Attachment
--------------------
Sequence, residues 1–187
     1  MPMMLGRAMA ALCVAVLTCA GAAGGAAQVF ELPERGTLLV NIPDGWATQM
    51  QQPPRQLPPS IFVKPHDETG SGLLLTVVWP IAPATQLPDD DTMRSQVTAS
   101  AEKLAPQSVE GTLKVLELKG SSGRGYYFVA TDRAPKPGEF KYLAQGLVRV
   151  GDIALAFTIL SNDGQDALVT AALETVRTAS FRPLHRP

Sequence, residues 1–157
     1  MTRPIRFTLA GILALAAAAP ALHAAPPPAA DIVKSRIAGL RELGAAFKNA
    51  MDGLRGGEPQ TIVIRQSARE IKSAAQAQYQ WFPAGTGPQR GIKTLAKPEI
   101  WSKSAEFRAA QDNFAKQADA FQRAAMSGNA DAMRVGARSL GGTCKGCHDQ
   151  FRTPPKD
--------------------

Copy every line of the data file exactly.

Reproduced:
Sequence, residues 1–187
     1  MPMMLGRAMA ALCVAVLTCA GAAGGAAQVF ELPERGTLLV NIPDGWATQM
    51  QQPPRQLPPS IFVKPHDETG SGLLLTVVWP IAPATQLPDD DTMRSQVTAS
   101  AEKLAPQSVE GTLKVLELKG SSGRGYYFVA TDRAPKPGEF KYLAQGLVRV
   151  GDIALAFTIL SNDGQDALVT AALETVRTAS FRPLHRP

Sequence, residues 1–157
     1  MTRPIRFTLA GILALAAAAP ALHAAPPPAA DIVKSRIAGL RELGAAFKNA
    51  MDGLRGGEPQ TIVIRQSARE IKSAAQAQYQ WFPAGTGPQR GIKTLAKPEI
   101  WSKSAEFRAA QDNFAKQADA FQRAAMSGNA DAMRVGARSL GGTCKGCHDQ
   151  FRTPPKD